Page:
JUST WHEN YOU thought the US legal system couldn’t get any crazier, something comes out of the blue that leaves you wondering if the nice people at the US copyright office all forgot to take their medication at the same time. In today’s case of The Law Is An Ass: the US Copyright Office has just published a paper that specifies jail-breaking gaming consoles or tablets will soon be illegal. Yeah, I know, those crazy kids!!
This bizarre legal situation has come to pass because the US Copyright Office accepts requests every few years from both pro and anti-digital rights activists to alter laws under the Digital Millennium Copyright Act. In essence, it looks as if a small group of very vocal business people with sizable financial interests have managed to convince those hopelessly digitally illiterate (but doubtlessly well intentioned) people in the copyright office of the evils of jail-breaking. Perhaps they should have convinced them to take their meds instead?
It looks like the Electronic Frontier Foundation (EFF), New America Foundation’s Open Technology Initiative, New Media Rights, Mozilla Corporation and the Free Software Foundation (FSF) were all proponents of keeping jail-breaking legal. Funnily enough, details on the organisations that wanted jail-breaking outlawed were harder to find (my inner conspiracy theorist thinks that both Apple and Google are conspicuous by their absence).
The schizophrenic view held by The Copyright Office around why phones can legally undergo jail-breaking, while you’re breaking the law with other gadgets, stems from the fact that someone convinced the copyright office that “video games are far more difficult and complex to produce than smartphone applications”, so you’re pretty much up shit creek with a teaspoon for a paddle if you’re in the US and are a console or tablet owner with an itch to extend the functionality of your hardware. Phew! Phone users however, can tinker with their hardware with comparative legal impunity, because phones are widely adopted. If by now you’re spluttering with rage, you’re not alone. There’s a saying that goes thus:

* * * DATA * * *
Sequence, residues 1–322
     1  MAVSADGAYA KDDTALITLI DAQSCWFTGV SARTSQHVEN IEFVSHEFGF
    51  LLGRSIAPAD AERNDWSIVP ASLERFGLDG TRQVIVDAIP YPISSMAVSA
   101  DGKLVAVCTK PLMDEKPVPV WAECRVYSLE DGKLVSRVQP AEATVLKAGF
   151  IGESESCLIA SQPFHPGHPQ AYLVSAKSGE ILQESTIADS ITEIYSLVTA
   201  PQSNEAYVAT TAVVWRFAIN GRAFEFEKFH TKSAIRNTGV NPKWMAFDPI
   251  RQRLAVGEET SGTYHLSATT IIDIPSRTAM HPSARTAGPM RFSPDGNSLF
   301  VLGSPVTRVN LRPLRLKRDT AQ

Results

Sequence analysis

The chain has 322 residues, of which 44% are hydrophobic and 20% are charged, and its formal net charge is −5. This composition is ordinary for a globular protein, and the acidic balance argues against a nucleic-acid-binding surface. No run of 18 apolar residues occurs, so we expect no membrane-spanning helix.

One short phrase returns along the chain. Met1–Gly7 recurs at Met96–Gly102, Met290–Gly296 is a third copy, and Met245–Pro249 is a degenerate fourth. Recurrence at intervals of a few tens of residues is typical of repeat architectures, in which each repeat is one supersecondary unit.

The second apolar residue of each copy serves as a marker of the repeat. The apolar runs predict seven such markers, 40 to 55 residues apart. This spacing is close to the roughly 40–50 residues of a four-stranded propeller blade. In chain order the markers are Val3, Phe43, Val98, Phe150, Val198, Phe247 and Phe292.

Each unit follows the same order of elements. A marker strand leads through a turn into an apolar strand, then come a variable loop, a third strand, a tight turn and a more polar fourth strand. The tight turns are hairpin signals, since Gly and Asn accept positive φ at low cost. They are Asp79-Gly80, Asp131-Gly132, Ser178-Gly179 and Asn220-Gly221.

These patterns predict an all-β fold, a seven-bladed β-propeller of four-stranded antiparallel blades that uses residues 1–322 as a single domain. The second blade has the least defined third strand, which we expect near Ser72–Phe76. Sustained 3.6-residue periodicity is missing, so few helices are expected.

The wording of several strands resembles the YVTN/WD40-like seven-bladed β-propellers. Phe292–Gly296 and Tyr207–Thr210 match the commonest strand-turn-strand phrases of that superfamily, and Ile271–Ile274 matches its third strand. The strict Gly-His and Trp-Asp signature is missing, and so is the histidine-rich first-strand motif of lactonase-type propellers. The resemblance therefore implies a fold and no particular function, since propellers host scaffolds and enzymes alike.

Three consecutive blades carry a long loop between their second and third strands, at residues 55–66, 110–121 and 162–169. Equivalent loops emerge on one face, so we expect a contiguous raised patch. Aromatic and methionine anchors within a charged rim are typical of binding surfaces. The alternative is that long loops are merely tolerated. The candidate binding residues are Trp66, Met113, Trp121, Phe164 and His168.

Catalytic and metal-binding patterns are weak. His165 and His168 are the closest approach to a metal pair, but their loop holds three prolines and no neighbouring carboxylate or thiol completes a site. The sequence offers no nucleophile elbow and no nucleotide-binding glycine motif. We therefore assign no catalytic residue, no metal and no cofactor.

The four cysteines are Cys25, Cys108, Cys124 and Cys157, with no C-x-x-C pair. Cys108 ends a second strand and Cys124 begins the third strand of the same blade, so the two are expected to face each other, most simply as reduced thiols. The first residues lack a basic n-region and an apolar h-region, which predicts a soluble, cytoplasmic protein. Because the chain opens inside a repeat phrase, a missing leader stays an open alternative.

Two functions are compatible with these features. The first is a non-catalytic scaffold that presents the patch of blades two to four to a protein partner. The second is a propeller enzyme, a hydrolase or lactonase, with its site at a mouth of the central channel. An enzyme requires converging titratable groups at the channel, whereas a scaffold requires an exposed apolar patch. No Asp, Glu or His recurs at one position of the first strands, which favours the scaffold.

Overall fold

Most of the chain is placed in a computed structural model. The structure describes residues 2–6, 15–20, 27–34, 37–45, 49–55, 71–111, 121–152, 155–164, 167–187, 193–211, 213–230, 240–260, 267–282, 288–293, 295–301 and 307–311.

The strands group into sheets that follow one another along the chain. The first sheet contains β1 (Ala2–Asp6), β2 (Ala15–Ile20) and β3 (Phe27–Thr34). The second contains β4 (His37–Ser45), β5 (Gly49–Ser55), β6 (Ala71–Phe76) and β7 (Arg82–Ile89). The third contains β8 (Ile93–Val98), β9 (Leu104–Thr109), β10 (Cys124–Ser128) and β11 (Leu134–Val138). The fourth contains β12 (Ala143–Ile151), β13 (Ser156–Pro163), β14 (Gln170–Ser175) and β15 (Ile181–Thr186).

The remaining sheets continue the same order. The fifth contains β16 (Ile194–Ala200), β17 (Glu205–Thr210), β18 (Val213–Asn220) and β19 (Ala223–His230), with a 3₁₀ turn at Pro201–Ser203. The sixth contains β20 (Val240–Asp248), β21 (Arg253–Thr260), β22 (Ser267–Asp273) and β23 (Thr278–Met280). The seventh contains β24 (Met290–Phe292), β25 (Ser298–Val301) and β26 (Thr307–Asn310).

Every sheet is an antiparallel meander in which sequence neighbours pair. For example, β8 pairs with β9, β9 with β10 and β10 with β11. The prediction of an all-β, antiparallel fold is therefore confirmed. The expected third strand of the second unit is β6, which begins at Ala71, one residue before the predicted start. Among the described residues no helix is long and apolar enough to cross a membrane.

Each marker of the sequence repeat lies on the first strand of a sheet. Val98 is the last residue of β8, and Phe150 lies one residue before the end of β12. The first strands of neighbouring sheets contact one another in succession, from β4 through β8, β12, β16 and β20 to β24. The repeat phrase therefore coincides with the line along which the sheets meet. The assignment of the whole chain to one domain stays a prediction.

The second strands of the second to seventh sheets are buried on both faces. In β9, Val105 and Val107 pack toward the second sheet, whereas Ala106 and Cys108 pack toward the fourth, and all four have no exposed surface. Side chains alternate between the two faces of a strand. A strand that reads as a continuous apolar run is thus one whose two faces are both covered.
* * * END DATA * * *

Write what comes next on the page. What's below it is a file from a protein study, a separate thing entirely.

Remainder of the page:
“Those that fail to learn from the mistakes of their past are condemned to forever repeat them in the future”.
In this instance, there are almost too many analogies and historic precedents to draw from. Didn’t it occur to anyone from the US Copyright Office to take a quick look at the fiasco that was the Volstead Act? As any gangster movie or Boardwalk Empire fan knows, the manufacture and sale of alcohol was outlawed in the US from 1919 to 1933. The outcome of this was a total disaster for lawmakers and law enforcement agencies for decades afterwards (and arguably when it comes to organised crime still is a slow moving train-wreck).
Much of the political pressure being brought to bear for the banning of booze in the US came from The Women’s Christian Temperance Union and the Prohibition Party. Politically savvy players in the Women’s Christian Temperance League and Prohibition Party tapped into the prevailing anti-German sentiment (remember, this was just after WW1) and talked up the political power of the German-based brewing industry and reducing domestic violence in the home. Moral outrage at the evils of booze ensued and before you knew it, Prohibition was instituted via a ratification to the Eighteenth Amendment to the United States Constitution in 1919. The madness had truly begun. Called the Volstead Act, the amendment prohibited the manufacture, sale, or transportation of liquor within the United States (strangely enough, drinking booze was still totally legal).
Congress may have passed the act, but they gave very little thought as to how the act was to be enforced. Unsurprisingly, many large US cities with underfunded police departments were uninterested in enforcing the legislation, leaving an understaffed federal service to go after brewers, vintners and bootleggers. It wasn’t a raging success.